By Meleni Aldridge, executive coordinator, ANH-Intl; nutritional & cPNI practitioner
Would it surprise you to find out that mood management is one of the prime functions, not only of our brains and neurotransmitters, but also of the non-human microorganisms that inhabit our gut? During our ancestral past, it appears we used to have around 160 different species of microbes (bacteria, fungi, viruses, worms and parasites) resident in our gut. Today, those of us living in the developed world have reached crisis point with our microbial diversity. In looking at the diversity of indigenous populations, we have a benchmark to see that we have lost keystone species that are essential butyrate producers. Butyrate is a short chain fatty acid with many varied effects, but none more so than being a potent regulator of gene expression.
It’s not just chronic disease spiralling out of control, mental health issues are now commonplace and continuing to rise at a swift pace. Mainstream medicine is still focused on disease management strategies, like drug therapy, for symptoms. But what about strategies that address the cause(s) of what ails us and resolves the health challenge at its core?
The subject of the gut-brain connection for mood modification was one of the key scientific streams presented at this year’s Australasian Society of Lifestyle Medicine’s annual conference in Sydney last weekend. For your benefit, I’ve pulled out some fascinating insights that reflect some of the most recent advances in the field from a range of eminent researchers and clinicians who presented at the conference.
Our internal ecosystem
We are an entire ecosystem unto ourselves and just like the coral reefs or the rainforests, we need to maintain the delicate balance for the system to flourish. Allow disruption to creep in and the system fails. Our relationship with the trillion plus microbes that inhabit our healthy guts is wholly mutualistic (not just commensal). We must live in harmonious cohabitation to keep our gut microbiota in its naturally diverse, complex and intelligent system within us if we are to optimise our physical and emotional health, as well as our resilience.
Our microbiome is a unique fingerprint of each of us – even in identical twins. What and how we eat is one of the most important determinants of the diversity of our microbiota. Not just because our food provides nutrition, but because of the metabolites produced by the microbiota that then act as signalling molecules for the multitude of metabolic and related processes that are needed to keep us well. Knowing this, how can we not question whether our diseases of civilisation are just symptoms of our microbiome being out of ecological balance?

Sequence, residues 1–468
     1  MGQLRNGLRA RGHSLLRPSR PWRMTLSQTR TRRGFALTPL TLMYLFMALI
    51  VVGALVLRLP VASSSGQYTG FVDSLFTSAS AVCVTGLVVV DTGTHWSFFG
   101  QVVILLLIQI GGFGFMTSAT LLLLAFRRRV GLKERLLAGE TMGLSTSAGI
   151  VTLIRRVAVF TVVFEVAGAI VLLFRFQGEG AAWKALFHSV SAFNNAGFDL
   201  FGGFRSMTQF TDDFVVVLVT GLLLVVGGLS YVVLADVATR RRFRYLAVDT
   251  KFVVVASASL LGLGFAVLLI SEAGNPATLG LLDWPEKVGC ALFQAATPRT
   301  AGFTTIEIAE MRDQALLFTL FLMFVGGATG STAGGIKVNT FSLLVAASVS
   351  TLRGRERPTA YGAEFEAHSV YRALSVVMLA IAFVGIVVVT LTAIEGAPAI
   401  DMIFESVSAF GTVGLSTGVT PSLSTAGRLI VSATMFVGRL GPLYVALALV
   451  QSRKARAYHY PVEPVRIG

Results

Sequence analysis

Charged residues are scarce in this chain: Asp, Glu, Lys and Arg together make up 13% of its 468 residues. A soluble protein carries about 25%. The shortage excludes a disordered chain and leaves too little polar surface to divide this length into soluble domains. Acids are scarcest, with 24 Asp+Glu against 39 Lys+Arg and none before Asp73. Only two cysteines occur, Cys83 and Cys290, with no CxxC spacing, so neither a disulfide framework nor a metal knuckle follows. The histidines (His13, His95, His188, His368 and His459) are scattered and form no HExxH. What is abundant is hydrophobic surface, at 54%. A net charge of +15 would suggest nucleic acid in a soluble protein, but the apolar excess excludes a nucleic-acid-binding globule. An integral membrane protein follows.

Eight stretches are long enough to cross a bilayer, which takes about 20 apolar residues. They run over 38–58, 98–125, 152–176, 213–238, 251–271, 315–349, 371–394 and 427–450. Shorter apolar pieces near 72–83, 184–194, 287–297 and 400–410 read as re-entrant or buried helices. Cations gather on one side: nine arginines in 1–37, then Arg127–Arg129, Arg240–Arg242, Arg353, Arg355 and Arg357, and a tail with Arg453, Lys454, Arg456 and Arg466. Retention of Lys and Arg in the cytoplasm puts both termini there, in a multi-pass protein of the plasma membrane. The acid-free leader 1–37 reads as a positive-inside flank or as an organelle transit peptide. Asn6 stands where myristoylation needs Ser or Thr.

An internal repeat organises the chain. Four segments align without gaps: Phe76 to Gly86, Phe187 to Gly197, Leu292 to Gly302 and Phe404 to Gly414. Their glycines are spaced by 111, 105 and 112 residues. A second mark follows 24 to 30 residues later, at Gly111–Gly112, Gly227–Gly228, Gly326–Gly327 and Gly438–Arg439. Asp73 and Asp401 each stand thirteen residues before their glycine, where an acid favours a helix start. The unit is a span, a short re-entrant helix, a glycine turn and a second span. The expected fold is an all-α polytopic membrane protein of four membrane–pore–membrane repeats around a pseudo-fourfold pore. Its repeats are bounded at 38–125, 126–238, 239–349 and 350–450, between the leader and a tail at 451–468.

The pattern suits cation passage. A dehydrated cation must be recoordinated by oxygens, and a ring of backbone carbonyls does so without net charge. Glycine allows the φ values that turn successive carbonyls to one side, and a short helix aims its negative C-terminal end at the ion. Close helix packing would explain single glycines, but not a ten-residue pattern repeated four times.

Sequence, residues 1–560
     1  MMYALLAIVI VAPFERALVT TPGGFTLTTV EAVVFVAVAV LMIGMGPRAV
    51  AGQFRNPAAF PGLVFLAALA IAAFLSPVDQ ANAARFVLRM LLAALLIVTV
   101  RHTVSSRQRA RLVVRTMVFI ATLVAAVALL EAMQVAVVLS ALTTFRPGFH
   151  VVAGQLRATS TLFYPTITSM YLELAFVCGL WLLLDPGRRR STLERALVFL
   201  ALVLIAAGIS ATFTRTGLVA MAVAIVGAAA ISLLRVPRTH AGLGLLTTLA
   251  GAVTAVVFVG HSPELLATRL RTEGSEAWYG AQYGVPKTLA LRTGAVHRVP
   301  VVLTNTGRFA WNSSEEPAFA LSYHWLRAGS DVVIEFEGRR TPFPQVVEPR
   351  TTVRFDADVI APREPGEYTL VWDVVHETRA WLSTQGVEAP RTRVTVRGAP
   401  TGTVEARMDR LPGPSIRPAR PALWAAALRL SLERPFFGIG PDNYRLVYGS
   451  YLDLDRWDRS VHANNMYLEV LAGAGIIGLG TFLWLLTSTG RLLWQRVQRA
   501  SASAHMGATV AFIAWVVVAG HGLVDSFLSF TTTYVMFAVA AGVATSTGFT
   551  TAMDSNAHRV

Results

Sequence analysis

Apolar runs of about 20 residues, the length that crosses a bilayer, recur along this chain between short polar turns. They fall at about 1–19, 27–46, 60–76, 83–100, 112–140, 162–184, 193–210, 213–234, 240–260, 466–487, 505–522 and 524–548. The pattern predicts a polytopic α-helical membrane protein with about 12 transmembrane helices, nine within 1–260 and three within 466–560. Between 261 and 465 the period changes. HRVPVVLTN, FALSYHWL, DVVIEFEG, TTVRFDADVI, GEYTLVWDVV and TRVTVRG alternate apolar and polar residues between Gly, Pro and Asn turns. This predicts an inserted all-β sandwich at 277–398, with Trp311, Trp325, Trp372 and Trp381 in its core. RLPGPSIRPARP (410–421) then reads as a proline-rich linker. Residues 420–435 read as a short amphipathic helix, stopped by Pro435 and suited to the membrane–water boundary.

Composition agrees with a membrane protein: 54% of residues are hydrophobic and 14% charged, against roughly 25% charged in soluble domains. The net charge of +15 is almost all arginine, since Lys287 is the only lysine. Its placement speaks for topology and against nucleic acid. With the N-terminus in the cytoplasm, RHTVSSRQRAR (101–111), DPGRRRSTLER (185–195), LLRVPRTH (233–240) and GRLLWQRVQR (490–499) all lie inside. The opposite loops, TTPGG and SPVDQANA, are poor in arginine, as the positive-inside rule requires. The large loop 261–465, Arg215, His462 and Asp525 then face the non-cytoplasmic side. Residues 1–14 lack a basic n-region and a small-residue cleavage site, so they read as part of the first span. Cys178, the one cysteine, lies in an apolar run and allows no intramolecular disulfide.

Depression – a symptom of a disordered gut?
An altered ecosystem can increase the risk of depression because stress impacts the microbiota negatively. We now know that that relationship is bi-directional. So, the way we eat, rest, move and feel emotionally has a direct impact on our gut microbiome creating a suite of negative effects – depression being one of them. How? Because the immune, hormonal and nervous systems act as the language translators between the intestinal mucosa (mucous lining), the microbiota (the microorganisms themselves) and the brain. Hence, a properly functioning microbiome can modulate the stress response and help us to be more stress tolerant and resilient.
New evidence suggests that depression may also be transmissible. A study in 2016 showed that faecal transplants from clinically depressed human patients given to laboratory rats, created depressed rats. How this may affect babies born to depressed mothers is yet to be seen, but this finding shouldn’t be ignored.
Known mood modifying mechanisms involving the gut microbiome are as follows:
- An excess production of internal toxins (lipopolysaccharides – LPS) created from the outer shells of gram-negative bacteria without sufficient species diversity to offset the effects. The overuse of NSAIDs e.g. ibuprofen, increases LPS concentration. As does binge drinking which creates a high level of internal toxins in the blood stream detectable for up to 5 hours after the drinking session.
- Lower than normal levels of butyrate production, which can be made by 30-40% of the bacteria in healthy people. Amongst its many effects, butyrate enhances gut integrity and can also prevent depression from occurring, but only when more is made than is needed by the colon cells. Eating a standard Western diet (low in fibre, prebiotics and resistant starches, but high in meat and unhealthy/refined polyunsaturated and saturated fats e.g. trans fats) will not provide this protection.